Eval looked somewhat disturbed, Mrs. Hamilton followed her son to the
other end of the room. Still St. Eval spoke not, and Caroline, as she
read the reproach, the doubt expressed upon his features, for a moment
felt her natural pride swelling high within her, that he could for one
minute permit a doubt of her truth to enter his mind; but her
resolution, her mother's advice, the observation of Lady Gertrude, all
rose to combat with returning pride, and they conquered.
"Eugene, dearest Eugene," she said, as she extended her hand towards
him, "you have, indeed, every reason to look disturbed. In my deep
anxiety for her whom I so long loved as my friend, I forgot that my
agitation might indeed confirm the unworthy tale you heard. Forgive me,
Eugene; I know that I have pained you, but, indeed, I meant it not. If
Lord Alphingham did cross my mind, it was in detestation, in abhorrence,
that he should thus have acted. I trembled for Annie, for her alone, for
the fearful fate that, when Lord Henry first spoke, I believed must be
her lot. Were I at liberty to disclose all, you would not wonder such
should have been my feelings, Eugene," she added, in an accent of gentle
reproach. "Must I indeed solemnly and sacredly assure you, that my
agitation was occasioned by no lingering affection for Lord Alphingham?
will nothing else satisfy you? Is it kind, is it generous thus to doubt
Softened at once, ashamed of his own jealous tendency, the young Earl
could only implore her forgiveness, assure her he had not the faintest
doubt remaining; and suggesting, air would revive her sooner than
anything, he drew her to the open window of the adjoining room, which
looked out on the little garden, and there they remained in apparently
earnest conversation, till Caroline, to her extreme astonishment, was
summoned by her cousin to luncheon, and Lord St. Eval suddenly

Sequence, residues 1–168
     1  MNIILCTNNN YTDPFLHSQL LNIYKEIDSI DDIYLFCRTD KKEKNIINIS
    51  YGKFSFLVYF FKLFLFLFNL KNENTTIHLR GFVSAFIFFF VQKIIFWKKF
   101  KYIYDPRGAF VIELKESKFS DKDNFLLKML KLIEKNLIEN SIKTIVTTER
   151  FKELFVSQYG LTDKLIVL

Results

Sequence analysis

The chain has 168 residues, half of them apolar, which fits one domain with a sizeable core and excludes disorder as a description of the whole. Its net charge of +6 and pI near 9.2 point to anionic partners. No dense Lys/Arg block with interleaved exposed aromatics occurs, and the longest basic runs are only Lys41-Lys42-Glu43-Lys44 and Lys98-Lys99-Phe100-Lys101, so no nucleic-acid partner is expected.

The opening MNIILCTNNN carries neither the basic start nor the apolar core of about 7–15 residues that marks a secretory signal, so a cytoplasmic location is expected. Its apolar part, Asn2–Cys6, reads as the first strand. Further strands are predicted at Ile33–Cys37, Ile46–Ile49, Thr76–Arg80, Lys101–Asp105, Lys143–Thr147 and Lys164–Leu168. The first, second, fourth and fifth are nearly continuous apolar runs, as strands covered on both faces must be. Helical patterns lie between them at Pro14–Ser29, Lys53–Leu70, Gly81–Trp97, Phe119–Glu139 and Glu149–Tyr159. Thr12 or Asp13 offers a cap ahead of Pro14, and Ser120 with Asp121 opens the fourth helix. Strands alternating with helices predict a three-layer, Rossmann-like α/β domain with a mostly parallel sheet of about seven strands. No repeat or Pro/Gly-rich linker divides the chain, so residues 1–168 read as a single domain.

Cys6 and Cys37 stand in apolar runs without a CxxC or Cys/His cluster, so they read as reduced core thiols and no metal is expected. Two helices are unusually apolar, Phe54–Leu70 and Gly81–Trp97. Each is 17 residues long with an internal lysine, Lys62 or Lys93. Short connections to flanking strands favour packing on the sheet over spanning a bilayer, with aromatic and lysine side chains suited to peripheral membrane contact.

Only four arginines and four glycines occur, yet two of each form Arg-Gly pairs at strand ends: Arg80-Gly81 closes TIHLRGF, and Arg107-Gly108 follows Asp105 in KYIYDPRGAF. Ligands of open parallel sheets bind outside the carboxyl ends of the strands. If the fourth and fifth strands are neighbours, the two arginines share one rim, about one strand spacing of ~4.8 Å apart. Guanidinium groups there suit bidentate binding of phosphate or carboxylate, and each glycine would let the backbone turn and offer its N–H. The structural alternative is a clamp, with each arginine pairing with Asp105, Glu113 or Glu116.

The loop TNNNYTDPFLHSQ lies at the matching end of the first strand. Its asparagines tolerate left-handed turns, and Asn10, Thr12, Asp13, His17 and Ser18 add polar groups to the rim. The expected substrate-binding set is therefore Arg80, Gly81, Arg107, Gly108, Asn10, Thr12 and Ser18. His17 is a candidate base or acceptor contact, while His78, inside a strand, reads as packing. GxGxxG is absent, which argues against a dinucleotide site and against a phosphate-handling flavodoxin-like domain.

discovered he had permitted the whole morning to slip away in idleness,
when he imagined he had so very much to do.
Mr. and Mrs. Hamilton were more grieved than surprised at the
intelligence they had heard; but in what manner to act, what measures to
take they knew not. Grahame was expected to arrive in England on the
morrow or the next day at the farthest, and his agony they dreaded to
witness; they feared lest reports should reach him ere he was in any way
prepared, and Mr. Hamilton determined on travelling instantly to Dover,
that he might be there ready to receive him, and console to the best of
his ability this mistaken but truly affectionate father. Percy, rousing
himself, entered with activity into all his father's plans; but Mrs.
Hamilton fancied that he too had some plan to follow up, which his
absence two or three days from home confirmed. Nor was it idle sympathy
she felt; that same day she sought the residence of Lady Helen.
Scarcely ever did she enter that house without being struck by the
melancholy pervading it. Wrapped in her own pleasures, her own desires
and amusements, Annie never cast one thought on her mother, whose
declining health it would have been her duty to tend and soothe; indeed
she scarcely ever entered her room, and believing her parent's ailments
were all fancy, made it a rule to take no notice of them. Cecil liked
not gloom and quiet, and his fashionable cousins occupied almost all his
time. He could not comprehend, much less return the deep affection his
mother felt for him; and Lilla, whose naturally warm heart and right
principles would have made her an affectionate attendant on her mother's
couch, was seldom at home to perform her part. But already had Lady
Helen felt the difference a year's residence with Mrs. Douglas had made
in her younger girl; already her indolent nature felt the comfort of her
presence, and bitterly regretted when her short vacations were at an
end, for then she was indeed alone.
On being admitted, Mrs. Hamilton fancied somewhat eagerly, the first
person she encountered at Lady Helen's was her young friend, clad, it
seemed, for walking, with traces of anxiety and sorrow written on her
"The very person I was about to seek," she exclaimed, in a voice of
intense relief, springing down the stairs to reach her friend. "Dearest